Apple resellers are also clearing out M1 models, with prices at press time dipping to as low as $749.



Read on AppleInsider

Comments

  • Reply 1 of 13
    CheeseFreezeCheeseFreeze Posts: 1,249member
    The real cost for a laptop like this is of-course one that is equipped with 512gb of memory, and if you want to truly leverage its performance, with 16gb of internal memory.

    Apple is deliberately equipping it with a measly 256gb so that you are inclined to walk up the ladder, ending up with a ~ EUR 1750 laptop, EUR 250 shy of an entry level Macbook Pro, which in return makes no sense either (and up the ladder you go).

    williamlondonmuthuk_vanalingam
  • Reply 2 of 13
    eightzeroeightzero Posts: 3,063member
    Having choices is good, and updates and improvements are always welcome. The real value in the MacBooks are their reliability and stability. They do exactly what they did on purchase day for years, often more with macOS updates. These spec bumps are valuable to a seemingly small target audience - pros that are willing to pay for the performance upgrade. I suspect people like this are using these laptops many (12+) hours a day, every day. And someone that values just about any spec upgrade will not question the price. Amortized over the life of the device, it is pretty much a minor cost of their work.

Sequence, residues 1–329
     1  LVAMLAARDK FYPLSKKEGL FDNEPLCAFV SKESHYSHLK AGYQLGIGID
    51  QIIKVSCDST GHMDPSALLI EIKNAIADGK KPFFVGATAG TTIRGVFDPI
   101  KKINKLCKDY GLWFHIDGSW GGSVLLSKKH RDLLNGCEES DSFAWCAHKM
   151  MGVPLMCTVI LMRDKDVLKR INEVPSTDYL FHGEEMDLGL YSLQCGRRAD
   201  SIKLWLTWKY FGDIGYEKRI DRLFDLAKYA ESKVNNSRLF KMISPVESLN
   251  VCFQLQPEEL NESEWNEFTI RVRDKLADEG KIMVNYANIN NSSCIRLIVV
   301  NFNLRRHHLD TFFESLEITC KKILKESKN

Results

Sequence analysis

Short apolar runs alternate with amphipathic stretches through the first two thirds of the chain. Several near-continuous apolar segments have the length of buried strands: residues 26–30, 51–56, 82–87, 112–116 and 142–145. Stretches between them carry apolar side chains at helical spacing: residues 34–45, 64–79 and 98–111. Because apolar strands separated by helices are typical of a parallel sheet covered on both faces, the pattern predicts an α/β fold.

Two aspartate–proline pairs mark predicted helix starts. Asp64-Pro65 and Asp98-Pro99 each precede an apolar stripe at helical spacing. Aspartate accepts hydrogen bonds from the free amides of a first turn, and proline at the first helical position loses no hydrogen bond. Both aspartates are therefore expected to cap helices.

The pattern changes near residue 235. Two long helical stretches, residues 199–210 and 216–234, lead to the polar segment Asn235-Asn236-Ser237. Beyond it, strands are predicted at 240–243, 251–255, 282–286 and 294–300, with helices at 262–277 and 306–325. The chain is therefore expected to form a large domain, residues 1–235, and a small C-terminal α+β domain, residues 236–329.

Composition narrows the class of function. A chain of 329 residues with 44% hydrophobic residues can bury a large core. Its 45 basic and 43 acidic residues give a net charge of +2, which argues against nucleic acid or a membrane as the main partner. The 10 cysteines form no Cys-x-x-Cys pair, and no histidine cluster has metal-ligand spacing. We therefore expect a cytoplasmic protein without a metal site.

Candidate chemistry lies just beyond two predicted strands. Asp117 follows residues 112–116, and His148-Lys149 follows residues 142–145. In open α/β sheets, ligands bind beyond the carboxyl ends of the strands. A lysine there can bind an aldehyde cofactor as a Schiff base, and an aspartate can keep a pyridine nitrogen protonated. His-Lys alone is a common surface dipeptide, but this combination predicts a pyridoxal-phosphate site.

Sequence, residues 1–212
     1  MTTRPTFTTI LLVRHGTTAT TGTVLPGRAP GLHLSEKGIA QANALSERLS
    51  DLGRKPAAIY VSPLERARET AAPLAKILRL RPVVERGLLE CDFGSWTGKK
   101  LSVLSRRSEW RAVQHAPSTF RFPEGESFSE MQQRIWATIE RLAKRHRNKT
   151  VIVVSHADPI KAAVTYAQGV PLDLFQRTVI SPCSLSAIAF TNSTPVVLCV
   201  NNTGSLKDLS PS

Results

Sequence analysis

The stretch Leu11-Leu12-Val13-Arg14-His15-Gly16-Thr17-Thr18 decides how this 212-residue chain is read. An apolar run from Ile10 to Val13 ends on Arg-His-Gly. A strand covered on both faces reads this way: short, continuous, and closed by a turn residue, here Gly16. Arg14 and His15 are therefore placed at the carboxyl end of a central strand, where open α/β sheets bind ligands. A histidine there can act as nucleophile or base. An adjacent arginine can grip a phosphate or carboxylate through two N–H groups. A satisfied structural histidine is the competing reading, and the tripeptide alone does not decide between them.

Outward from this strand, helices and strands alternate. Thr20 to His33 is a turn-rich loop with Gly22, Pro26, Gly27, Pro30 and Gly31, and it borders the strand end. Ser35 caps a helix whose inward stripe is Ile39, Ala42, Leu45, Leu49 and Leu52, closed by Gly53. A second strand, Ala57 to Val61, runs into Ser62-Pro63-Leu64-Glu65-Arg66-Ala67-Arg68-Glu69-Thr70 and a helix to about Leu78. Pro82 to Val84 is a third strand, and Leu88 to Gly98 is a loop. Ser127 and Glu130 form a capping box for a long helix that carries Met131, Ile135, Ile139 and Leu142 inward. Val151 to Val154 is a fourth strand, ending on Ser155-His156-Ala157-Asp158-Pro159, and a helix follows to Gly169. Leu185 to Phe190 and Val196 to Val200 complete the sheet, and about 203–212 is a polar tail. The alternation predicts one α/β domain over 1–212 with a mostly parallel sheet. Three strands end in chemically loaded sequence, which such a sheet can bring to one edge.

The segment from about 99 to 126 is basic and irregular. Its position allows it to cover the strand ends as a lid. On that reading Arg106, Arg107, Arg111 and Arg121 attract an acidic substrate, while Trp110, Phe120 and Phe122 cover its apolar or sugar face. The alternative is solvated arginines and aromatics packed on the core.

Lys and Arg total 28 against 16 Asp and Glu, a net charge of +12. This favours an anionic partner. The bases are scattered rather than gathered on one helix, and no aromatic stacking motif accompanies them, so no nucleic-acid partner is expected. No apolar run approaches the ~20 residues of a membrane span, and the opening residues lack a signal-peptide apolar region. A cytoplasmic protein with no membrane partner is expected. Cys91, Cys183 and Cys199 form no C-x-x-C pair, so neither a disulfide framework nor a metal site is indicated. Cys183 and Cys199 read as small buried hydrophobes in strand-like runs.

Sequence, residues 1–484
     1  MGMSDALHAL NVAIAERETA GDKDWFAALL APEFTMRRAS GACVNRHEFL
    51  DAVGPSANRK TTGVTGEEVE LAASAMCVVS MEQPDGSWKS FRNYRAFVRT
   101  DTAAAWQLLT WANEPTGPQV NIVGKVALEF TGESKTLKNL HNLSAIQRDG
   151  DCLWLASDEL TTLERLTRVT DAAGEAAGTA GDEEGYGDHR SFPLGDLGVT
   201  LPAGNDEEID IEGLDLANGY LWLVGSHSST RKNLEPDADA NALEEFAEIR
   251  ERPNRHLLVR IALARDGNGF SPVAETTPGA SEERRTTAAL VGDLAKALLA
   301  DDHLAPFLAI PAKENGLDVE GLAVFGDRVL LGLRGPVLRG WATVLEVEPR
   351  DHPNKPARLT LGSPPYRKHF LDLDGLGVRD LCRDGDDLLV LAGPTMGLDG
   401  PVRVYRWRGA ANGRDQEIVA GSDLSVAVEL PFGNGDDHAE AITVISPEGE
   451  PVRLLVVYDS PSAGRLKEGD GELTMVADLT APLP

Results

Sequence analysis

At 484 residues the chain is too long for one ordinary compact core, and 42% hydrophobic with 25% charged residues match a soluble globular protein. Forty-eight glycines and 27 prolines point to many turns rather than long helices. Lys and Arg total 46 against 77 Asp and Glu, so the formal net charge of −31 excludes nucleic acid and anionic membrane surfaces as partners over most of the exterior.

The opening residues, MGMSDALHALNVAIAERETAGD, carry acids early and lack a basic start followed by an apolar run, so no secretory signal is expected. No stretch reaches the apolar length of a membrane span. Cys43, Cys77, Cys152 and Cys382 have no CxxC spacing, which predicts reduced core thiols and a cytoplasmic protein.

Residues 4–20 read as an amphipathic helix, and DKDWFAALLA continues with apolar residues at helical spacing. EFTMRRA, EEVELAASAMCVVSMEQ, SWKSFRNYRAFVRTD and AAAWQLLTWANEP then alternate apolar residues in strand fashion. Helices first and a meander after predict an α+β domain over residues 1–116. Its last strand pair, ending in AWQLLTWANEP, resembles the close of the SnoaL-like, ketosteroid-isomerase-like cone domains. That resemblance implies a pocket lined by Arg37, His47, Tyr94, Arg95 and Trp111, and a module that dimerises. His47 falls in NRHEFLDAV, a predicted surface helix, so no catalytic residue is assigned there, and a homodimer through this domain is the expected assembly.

My M1 MBA is a fantastic device, and does all i want it to do thankyouverymuch. At some point in the future, there will be some feature in a new MBA and I won't be able to resist - some new screen, compatibility with some device, some functionality...and the battery of my current device will degrade over time too. But I am but a lowly consumer, so that may be some years off. Meanwhile, the value I got from (well, macs dating back to about 1992) is unsurpassed and exceeded all my expectations (with yes, that one underspeced iMac I should have known better about) making it easy to choose this particular product line. 

    No, I don't see replacing my laptop with any sort of iPad. Ever. YMMV. 
    hecalderwatto_cobra
  • Reply 3 of 13
    The real cost for a laptop like this is of-course one that is equipped with 512gb of memory, and if you want to truly leverage its performance, with 16gb of internal memory.

    Apple is deliberately equipping it with a measly 256gb so that you are inclined to walk up the ladder, ending up with a ~ EUR 1750 laptop, EUR 250 shy of an entry level Macbook Pro, which in return makes no sense either (and up the ladder you go).